Piz Boè – A Hike To The Most Accessible 3000 Meter Summit In The Italian Dolomites

Standing on mountain summits during sunrises and sunsets are some of my favorite life experiences. Sadly to be on the summit for sunrise means either hiking at unsociable hours or bivouacking in sub-zero temperatures. As I get older both of these options seem less appealing. When I found out about the Capanna Fassa refuge located right on the summit of Piz Boè – the highest peak in the Sella Group in the Italian Dolomites I knew I had to stay there overnight and here is how you can do it too.

Hiking Guide To The Summit Of Piz Boè in the Italian Dolomites

Piz Boé Summit: The stats

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  • Distance roundtrip: 6.4 km (4 mi)
  • Elevation gain: 422 meters (1384 ft)
  • Time required: 2-3 hours
  • Parking: 46.4881629, 11.8104728
  • Type of hike: Circuit
  • Trail numbers: 627A, 627, 638

Piz Boé Summit hike map overview

View where to park, the trail to the summit of Piz Boè (purple), and the alternative approach that doesn’t require the cable car (yellow) on the map above. This map is for overview only and should not be used for navigation. You can get the Tabacco Map no. 05 or no. 07.

Where is the Piz Boè Located?

At 3152 meters Piz Boè is the highest mountain in the Sella group. The Sella massif is a plateau-shaped massif surrounded by 4 Dolomiti valleys: Val Gardena, Val Di Fassa, Val Badia, and Val Fodom.

The Sella massif is mostly known amongst ski enthusiasts. During the wintertime, it’s possible to ski around it using the chain of lifts forming what’s known as Sella Ronda.

There are at least half a dozen different routes to the summit of Piz Boè and you can study them all with the help of the Tabacco Map no. 05.  Today however I will cover the quickest and the easiest route to the summit which starts at the top of the Pordoi Cable Car station.

Read more: 25 Best Day Hikes In the Italian Dolomites Rated From Easy To Difficult

Accommodation in Val Di Fassa

The Fassa Valley is one of the most famous Dolomiti summer destinations offering access to countless trails and via ferratas in the nearby Rosengarten Nature Park, Marmolada, Sassolungo, and Sella groups.

Canazei and Campitello di Fassa are two popular towns amongst tourists visiting the area and if you would like to be close to the action, I would highly recommend booking at least a couple of nights around here.

Below you can find some of my hotel recommendations for the area. If you would like to support my site please use the links below to book your stay (even if you choose different hotels than the ones recommended by me).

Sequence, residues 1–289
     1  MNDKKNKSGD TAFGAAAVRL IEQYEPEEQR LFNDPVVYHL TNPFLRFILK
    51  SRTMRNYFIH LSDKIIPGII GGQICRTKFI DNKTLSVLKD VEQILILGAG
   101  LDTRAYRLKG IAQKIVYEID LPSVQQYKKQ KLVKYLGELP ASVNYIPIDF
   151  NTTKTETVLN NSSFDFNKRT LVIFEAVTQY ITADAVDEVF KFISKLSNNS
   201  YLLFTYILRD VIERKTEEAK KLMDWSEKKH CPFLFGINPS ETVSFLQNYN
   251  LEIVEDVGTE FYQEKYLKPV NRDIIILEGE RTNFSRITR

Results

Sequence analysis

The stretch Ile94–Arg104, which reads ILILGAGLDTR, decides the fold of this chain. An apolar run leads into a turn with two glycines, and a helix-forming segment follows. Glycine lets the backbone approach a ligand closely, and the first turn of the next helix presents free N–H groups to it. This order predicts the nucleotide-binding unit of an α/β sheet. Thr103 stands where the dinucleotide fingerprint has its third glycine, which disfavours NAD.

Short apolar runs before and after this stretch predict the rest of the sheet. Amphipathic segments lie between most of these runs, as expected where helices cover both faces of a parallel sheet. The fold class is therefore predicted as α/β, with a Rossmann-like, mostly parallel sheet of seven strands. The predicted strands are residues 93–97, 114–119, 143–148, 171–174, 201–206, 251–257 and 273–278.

Best time of the year to hike to the summit of Piz Boé

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Because of the high altitude, the hiking window for the Piz Boè summit is even shorter than the regular hiking season in the Dolomites, which usually lasts from mid-June until mid-October.

If you are planning to hike to the summit of Piz Boè you will need to plan your trip between the end of June and the end of September. I hiked it in mid-September and as you can see from the pictures the top was already covered in a fresh blanket of snow, at times knee-deep.

If you go within two weeks on either side of these months you risk running into icy and possibly dangerous conditions. If there is one thing I have learned from the many years I spent in the mountains is to never underestimate the power of nature.

Getting to the Piz Boé summit trailhead

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The quickest way to reach the summit is by starting your hike at the top of the Sass Pordoi Cable car station.

The cable car leaves from Passo Pordoi, one of the most scenic driveable mountain passes in the Dolomites. There is a big parking lot near the cable car station where you can park your car free of charge. Bear in mind when traveling during peak season (July and August) to arrive early as the area does get very busy.

You can find the current opening times and prices for the Sass Pordoi cable car on the official tourism website of Val di Fassa.

TIP: If you want to avoid the cable car cost you can hike directly from Passo Pordoi to Forcella Pordoi where the route connects. I marked it in yellow on the map. Bear in mind this will add significantly to elevation gain (extra 600 meters / 2000 ft), distance, and the required time to do the hike.

Piz Boé summit route description

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Even though at times demanding, the route is quite straightforward. In favorable weather conditions, the summit and the Capanna Fassa refuge can be seen from the top of the cable car station.

Starting at Sass de Pordoi (2936 m.a.s.l) the route first follows path no. 627A and drops down a hundred meters in elevation to rifugio Forcella del Pordoi, built right on the saddle.

From the saddle continue on path 627 for the next 15 minutes before reaching a fork and starting the ascent on path no. 638 to the summit following the standard red and white marks painted on rocks.